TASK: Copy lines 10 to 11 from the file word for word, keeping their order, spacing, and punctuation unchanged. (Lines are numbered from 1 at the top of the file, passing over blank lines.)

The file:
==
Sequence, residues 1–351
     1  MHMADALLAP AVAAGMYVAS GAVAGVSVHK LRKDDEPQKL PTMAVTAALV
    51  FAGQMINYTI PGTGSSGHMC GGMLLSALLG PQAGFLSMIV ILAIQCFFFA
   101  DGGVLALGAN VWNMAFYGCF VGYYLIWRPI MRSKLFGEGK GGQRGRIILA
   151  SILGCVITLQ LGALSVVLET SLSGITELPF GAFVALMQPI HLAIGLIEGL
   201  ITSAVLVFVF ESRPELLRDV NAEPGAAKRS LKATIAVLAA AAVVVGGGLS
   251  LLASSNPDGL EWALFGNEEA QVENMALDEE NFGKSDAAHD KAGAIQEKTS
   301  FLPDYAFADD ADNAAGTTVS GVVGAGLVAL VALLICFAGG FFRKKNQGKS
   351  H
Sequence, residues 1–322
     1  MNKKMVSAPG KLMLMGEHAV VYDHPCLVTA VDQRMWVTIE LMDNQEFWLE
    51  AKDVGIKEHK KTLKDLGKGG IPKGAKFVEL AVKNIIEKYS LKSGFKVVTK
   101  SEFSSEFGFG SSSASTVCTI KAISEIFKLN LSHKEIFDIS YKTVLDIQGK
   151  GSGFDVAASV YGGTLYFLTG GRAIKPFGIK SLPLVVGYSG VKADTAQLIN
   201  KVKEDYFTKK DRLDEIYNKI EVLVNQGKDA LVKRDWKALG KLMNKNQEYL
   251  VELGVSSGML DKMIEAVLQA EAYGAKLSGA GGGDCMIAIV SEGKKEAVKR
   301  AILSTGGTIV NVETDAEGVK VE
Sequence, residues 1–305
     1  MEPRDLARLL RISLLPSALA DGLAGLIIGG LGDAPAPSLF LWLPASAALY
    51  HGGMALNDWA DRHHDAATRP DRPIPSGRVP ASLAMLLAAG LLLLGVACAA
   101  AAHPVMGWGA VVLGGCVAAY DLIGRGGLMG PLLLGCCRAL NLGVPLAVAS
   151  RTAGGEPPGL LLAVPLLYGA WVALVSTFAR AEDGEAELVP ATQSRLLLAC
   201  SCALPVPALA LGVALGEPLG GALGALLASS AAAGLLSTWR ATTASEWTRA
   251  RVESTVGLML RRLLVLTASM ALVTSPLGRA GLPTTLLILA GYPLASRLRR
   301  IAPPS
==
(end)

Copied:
Sequence, residues 1–322
     1  MNKKMVSAPG KLMLMGEHAV VYDHPCLVTA VDQRMWVTIE LMDNQEFWLE